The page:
Motivation is so important in living a life that pleases God. Often times our “efforts for God” hide our true desire to gain benefit from the situation. Brothers and Sisters this should not be the case. God’s love for us should be motivation enough to respond in kind. The problem is that we have inherited our self-seeking nature through Adam’s sin. When you were a small child and playing with other children, no one had to teach you to be selfish. No one had to teach you to grab the best toy, and no one had to teach you to throw a fit when you didn’t get your way. You came by your self-seeking ways from the get go. In fact you had to be taught to share and threatened with punishment if you did not.

Left to our own devices we will not to be anything but self-seeking. We must have a new life in Jesus and walk according to the power of the Holy Spirit in order to have the best kind of life. Religious programs and things done in your own strength may have an appearance of “good conduct,” but they will ultimately result in a heart full of pride happy with its own accomplishments. I cannot say enough that without God’s help and power any attempt at living for Him is futile.

May God help us today to walk in the power of His Spirit…to put bitter envy and self-seeking away and enjoy the kind of life God truly intends for us!

“If then you were raised with Christ, seek those things which are above, where Christ is, sitting at the right hand of God.  Set your mind on things above, not on things on the earth.”   Colossians 3:1-2

All true followers of Christ were raised with Him.  What does this mean?  It means that as Christ rose in newness of life we who believe became participants with Him. He gave us a new life, a life that is to be centered around Jesus and the eternal as opposed to ourselves and the temporary.  We need to ask ourselves this question often, “do I have a heavenly or an earthly mindset?”  In a complex world that begs us to strive for bigger and better, for the here and now, for you and yours, Jesus calls us to something higher. He calls us to have a total “other world” perspective, and this “other world” perspective will cause us to live in this world a life of self-sacrifice, humility, and profound purpose: to love God and neighbor.  Today let’s seek this “other world” in prayer and practice.

In Ephesians 3:13-21, the Apostle Paul makes three requests to God for followers of Jesus. First, that they would “be strengthened with might through His Spirit in the inner man.” Our source of strength is the Holy Spirit who is in us. Whenever we trust in ourselves and our own strength we will fail, but when we draw on God’s strength we can have true victory in our lives over the trials and temptations we face.

Second, Paul prays, “that Christ may dwell in your hearts through faith.” Now we know that Christ comes to live within us when we accept Him as Savior. This is not in doubt, but the issue here is whether or not He feels at home in us. We often have secret rooms, closets, and spaces that we do not want Him to enter. We are ashamed of them, and at the same time our flesh desires to keep them. For Christ to fully feel at home, we must clean house. We must confess our sins and give those areas of our lives to Him.

The third item Paul prays for is, “that you, being rooted and grounded in love, may be able to comprehend with all the saints what is the width and length and depth and height – to know the love of Christ which passes knowledge; that you may be filled with all the fullness of God.” These are two goals that we should constantly be striving for, and we know when Christ comes for His own we will changed and made able to fully comprehend Christ’s love and be filled with all the fullness of God. But in the meantime, my prayer is for each of you who reads this to know more Christ’s love for you and become more like Christ in your love for your neighbor as you are filled by God and emptied of yourself.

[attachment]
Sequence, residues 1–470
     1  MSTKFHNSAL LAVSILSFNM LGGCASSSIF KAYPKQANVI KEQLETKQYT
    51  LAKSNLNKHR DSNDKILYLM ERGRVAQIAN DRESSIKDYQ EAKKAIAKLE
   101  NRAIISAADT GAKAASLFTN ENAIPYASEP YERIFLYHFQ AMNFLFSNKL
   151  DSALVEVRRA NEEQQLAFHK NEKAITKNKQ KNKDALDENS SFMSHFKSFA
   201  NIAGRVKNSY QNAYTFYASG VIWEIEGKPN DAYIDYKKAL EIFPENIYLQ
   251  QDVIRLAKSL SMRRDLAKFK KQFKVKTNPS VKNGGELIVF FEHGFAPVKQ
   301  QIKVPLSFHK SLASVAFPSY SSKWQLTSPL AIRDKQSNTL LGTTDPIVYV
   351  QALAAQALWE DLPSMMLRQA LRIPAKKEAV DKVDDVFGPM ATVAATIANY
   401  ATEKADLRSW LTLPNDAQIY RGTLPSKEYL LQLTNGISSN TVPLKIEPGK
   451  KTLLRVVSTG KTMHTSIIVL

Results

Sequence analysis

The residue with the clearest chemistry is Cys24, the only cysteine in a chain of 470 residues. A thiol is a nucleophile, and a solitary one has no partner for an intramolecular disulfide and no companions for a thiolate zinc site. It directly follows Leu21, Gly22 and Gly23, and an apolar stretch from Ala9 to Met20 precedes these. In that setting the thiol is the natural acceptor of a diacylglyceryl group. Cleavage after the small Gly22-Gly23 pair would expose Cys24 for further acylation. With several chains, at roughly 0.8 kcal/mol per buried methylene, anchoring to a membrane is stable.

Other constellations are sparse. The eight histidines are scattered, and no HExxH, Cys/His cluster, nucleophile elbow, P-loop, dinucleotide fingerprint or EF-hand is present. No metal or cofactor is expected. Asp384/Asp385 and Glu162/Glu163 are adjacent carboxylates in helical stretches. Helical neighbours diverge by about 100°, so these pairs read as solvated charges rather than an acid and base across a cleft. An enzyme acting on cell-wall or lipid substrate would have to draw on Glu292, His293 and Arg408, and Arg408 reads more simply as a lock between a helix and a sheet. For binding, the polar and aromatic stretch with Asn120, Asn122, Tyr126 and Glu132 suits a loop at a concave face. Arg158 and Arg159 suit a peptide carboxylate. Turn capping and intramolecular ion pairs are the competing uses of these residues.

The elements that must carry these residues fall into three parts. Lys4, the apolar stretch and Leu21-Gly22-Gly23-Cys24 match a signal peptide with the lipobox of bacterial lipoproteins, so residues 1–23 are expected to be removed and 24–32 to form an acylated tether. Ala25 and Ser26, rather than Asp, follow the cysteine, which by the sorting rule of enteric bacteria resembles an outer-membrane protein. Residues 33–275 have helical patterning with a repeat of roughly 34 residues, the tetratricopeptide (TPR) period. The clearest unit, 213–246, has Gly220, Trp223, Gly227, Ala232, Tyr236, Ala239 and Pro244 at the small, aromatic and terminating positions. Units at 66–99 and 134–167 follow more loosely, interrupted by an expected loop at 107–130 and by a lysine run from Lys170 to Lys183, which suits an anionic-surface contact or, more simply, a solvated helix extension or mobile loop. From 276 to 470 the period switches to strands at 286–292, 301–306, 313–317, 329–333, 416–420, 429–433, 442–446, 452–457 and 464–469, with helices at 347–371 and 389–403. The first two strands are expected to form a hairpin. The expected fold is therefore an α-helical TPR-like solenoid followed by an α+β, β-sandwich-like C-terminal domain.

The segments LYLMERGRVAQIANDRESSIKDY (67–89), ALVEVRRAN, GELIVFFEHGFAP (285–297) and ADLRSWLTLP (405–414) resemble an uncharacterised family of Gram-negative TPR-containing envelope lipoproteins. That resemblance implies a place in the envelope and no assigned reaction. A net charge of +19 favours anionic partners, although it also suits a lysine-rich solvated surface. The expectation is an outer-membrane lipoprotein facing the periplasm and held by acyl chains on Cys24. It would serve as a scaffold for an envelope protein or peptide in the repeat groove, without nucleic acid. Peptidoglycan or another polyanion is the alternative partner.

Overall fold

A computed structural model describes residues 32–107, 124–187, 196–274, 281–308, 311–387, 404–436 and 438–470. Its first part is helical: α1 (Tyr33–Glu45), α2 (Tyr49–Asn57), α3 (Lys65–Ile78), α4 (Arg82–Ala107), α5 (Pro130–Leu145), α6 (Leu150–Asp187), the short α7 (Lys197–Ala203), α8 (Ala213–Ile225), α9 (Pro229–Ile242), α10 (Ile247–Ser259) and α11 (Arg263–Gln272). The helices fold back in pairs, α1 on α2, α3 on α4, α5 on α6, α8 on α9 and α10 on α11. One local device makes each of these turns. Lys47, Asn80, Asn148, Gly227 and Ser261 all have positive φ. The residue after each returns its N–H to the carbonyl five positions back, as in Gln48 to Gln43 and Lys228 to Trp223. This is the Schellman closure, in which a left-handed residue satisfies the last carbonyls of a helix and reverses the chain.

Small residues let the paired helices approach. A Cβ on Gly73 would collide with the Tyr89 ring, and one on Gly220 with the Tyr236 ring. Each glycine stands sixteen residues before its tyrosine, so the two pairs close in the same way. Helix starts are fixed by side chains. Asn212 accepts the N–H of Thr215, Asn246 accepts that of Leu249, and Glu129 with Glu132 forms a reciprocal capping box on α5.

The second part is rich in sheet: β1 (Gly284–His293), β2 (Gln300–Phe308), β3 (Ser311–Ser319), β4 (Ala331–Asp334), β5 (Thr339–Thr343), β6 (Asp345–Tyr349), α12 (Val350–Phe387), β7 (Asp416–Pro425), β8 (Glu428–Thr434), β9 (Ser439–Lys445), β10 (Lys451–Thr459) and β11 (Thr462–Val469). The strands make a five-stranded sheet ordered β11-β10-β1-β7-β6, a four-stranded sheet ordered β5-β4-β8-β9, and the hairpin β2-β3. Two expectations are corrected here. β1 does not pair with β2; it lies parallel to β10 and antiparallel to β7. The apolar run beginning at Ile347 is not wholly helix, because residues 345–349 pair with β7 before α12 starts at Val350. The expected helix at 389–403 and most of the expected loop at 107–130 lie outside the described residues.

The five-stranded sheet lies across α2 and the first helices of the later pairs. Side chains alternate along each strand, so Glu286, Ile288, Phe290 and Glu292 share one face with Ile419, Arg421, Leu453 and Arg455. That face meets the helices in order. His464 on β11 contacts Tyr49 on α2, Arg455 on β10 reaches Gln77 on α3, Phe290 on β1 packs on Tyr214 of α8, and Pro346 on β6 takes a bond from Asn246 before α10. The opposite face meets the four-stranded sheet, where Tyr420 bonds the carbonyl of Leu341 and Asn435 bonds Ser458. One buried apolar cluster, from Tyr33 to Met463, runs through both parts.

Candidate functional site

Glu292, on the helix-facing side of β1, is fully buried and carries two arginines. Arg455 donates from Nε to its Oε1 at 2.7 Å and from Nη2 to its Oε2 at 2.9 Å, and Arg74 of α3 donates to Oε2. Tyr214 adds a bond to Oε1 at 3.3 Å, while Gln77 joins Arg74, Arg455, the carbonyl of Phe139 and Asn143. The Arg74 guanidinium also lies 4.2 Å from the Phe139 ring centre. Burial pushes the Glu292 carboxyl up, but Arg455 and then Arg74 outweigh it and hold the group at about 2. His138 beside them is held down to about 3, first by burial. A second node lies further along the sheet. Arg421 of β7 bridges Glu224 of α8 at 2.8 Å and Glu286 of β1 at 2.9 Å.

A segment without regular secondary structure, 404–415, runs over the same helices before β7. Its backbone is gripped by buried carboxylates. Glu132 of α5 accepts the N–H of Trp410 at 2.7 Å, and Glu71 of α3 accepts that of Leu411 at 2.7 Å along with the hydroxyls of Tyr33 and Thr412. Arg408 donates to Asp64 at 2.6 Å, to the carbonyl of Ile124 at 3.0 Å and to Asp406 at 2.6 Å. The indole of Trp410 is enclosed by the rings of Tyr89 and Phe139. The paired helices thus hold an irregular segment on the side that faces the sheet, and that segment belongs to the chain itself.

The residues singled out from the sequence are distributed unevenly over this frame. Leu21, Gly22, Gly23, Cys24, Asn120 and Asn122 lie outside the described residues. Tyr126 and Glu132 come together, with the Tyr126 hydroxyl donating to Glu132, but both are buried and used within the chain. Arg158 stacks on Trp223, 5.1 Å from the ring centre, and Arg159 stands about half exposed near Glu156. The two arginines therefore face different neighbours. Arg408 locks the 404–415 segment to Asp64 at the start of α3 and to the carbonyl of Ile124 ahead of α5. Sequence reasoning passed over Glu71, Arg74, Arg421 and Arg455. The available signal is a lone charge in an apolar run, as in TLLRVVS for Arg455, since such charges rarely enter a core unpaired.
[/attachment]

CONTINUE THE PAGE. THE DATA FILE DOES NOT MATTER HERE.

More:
Love is the answer.

Principal 1: Love is to seek what is best for your neighbor.
Go back to the story Jesus tells of the “good Samaritan” (see “Who is my neighbor?” post). The Samaritan took care of the beaten man’s woundss and provided for his recovery. It is obvious that this is what the beaten man needed, and the Samaritan loved this hurting stranger as he loved himself.

Principal 2: Love is sometimes hard.

In the historical account of Luke 18:18-27, a young wealthy aristocrat comes to Jesus and asks what he must do to have eternal life. Jesus knew the young man had money as his god; so Jesus told him to sell everything he had and give it to the poor. The young man went away sad. We need to understand that Jesus had great love for this young man and was seeking what was best for him. Unfortunately, the young man refused to be helped because he loved money more than God. It would have been much easier for Jesus to tell the young man that he was okay just like he was and that nothing in his life needed to change. It would have been easy, but it wouldn’t have been loving.

Principal 3: Love cannot be forced on someone. (note exceptions)
We can lovingly invite a person to receive our help, but they must accept it of their own will. Just like hearing about the rich aristocrat, it can be a frustrating thing to watch someone make bad decisions while refusing legitimate offers of what is best. We can pray; we can invite; we can exhort; we can encourage, but we cannot force love.

(Exceptions: children, the mentally impared, those under the influence of drugs. It would not be loving to let any of these walk into heavy traffic because they wanted to. We would lovingly force them to stay on the sidewalk.)

Encouraging word, Philippians 1:9, “And this is my prayer: that your love may abound more and more in knowledge and depth of insight” (NIV).

If you haven’t yet, you may want to read “who is my neighbor” (below) before reading this post. The conclusion was that our neighbor is anyone we have the opportunity and resources to help. This did lead to 2 other questions; the first being, which neighbor do I help? The help we are speaking of here could be that of a physical, emotional, or spiritual nature. We find further instructions in the New Testament, which give us an order to live by.
1. Your family. “But if anyone does not provide for his own, and especially for those of his household, he has denied the faith and is worse than an unbeliever” (I Timothy 5:8). It would be a terrible testimony to give your money away and have your own kids without enough food to eat. But it should be noted that “provide for” is very different than “be excessive”.